After George suggested it to me, I mentioned it to the band as a possibility, but I’d never actually heard it, myself. And everyone was really skeptical. But when it came back, it was very noticeable, really: It really opened up the bottom end. It was well worth it.

Did you have to do anything to the mix itself to prepare it to be transferred to vinyl?
We made the mixes how we liked them. Because there are 16 songs, we decided to digitally master the whole album to get the EQ right first. The mastering took a period of a few days, where people were deciding that, oh, we should have an extra dB of 16 kHz or whatever.

We didn’t want to waste all these lacquers [during this step], so we mastered it digitally until we were all happy with it. And then in one broad stroke, George did the entire vinyl process for it. He says that you can get it pretty loud at the kind of groove width you get when you’re running 45. But you only have about 7 minutes that you can put on a 12-inch, at that maximum ability. There are some potential issues with stereo low-frequencies, but it didn’t ever really seem to be a problem.

The only problem was that two or three masters came back that had a bit of static or a little crackle or pop on it. So those had to be redone.

How long did it take you to mix the record?
With a few breaks, three months. Technically, it’s a double-album, so it was like mixing two albums. The mixes were done at 24-bit, 96 kHz.

Was the entire band at the mix session?
They tag-teamed me, two at a time. They’d go out and take a rest, and another two would come in. Of course, there are lots of parts, and everybody has a different angle on it. So we were trying to satisfy everybody.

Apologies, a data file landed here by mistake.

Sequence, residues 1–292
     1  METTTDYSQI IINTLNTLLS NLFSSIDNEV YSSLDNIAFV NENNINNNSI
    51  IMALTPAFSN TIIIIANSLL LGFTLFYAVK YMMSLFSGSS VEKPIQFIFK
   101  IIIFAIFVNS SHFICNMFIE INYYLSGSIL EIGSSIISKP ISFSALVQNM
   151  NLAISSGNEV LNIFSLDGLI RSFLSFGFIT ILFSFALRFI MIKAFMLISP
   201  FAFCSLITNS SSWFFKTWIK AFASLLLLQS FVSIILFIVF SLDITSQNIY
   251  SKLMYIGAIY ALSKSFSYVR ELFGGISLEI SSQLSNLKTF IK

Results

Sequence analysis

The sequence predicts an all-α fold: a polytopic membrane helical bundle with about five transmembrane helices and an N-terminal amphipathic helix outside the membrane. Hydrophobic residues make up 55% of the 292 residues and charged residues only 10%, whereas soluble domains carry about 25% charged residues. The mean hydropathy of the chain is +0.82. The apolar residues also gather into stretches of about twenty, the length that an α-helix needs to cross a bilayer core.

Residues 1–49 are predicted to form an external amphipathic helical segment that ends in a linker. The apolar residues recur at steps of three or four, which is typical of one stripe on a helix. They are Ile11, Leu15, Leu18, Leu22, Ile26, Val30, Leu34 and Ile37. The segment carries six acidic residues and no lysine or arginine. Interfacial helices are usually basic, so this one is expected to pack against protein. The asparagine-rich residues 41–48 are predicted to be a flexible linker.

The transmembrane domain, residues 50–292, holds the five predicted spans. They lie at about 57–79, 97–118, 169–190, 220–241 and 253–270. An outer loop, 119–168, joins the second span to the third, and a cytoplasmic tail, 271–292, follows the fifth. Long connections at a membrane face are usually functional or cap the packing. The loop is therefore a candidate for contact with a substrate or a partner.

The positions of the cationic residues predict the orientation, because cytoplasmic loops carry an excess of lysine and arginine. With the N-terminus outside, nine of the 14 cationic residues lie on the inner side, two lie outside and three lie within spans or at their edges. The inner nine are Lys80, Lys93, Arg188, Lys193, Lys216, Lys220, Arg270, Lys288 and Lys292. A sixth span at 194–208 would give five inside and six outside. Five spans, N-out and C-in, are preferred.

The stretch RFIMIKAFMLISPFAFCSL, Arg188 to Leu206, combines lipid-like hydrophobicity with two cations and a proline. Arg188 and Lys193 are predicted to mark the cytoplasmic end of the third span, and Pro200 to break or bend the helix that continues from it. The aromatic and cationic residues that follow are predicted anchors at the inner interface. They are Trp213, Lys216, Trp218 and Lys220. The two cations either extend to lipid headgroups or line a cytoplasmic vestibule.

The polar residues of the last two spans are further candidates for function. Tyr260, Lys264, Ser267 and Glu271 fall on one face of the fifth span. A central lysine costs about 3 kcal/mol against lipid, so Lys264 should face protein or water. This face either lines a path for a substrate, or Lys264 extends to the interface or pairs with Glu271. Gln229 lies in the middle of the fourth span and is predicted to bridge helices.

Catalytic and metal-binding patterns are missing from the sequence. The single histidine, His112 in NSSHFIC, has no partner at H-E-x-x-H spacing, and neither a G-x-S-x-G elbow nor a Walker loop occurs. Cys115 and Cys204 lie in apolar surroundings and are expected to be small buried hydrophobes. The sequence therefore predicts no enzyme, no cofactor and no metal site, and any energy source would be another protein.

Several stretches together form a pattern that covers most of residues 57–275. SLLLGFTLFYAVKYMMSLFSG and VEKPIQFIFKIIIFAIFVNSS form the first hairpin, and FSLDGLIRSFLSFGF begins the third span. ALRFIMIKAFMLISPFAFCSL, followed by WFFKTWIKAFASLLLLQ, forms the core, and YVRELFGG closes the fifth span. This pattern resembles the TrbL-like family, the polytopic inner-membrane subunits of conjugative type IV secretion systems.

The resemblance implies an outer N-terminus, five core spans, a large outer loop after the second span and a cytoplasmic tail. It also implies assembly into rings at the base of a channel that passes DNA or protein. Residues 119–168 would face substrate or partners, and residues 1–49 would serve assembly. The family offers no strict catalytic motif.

Do people create different masters for compressed file formats or music destined for online distribution?
I don’t think so, no. We used the same master that we used for the CD.

You sometimes do a different master for a single for radio play. When the pluggers are trying to plug their songs to the radio, they have to play them something that sounds really loud. So there are a lot of times when you do singles where you hit them hard at mastering, but then the album isn’t [mastered] that way.

The records I’m generally working on are by people who are trying to resist the dynamic wars. For the album and for the downloads, it’ll be mastered pretty calm. Generally the way I mix is calm, as well. We’re always trying to preserve the dynamics.

The Vinyl Frontier
After my talk with Silvey, I contacted George Marino by email about the final steps in the mastering process. Starting with the 24-bit, 96kHz mixes from Silvey, Marino went through his “normal mastering processing” before creating a master digital file.

From that file he created a single lacquer master of the entire project, which was used to cut the commercial vinyl album that was released. Then he used the digital master to cut the individual master lacquers for each song. Each one was played back form the lathe and re-digitized at 16-bit, 44.1kHz resolution for CD release and digital distribution.

Cool Links
Fender Amps For Your Car?

Reef Noise As Guide for Floating Crustaceans

Audio From Global Seismic Activity

Hear Whales Sing Live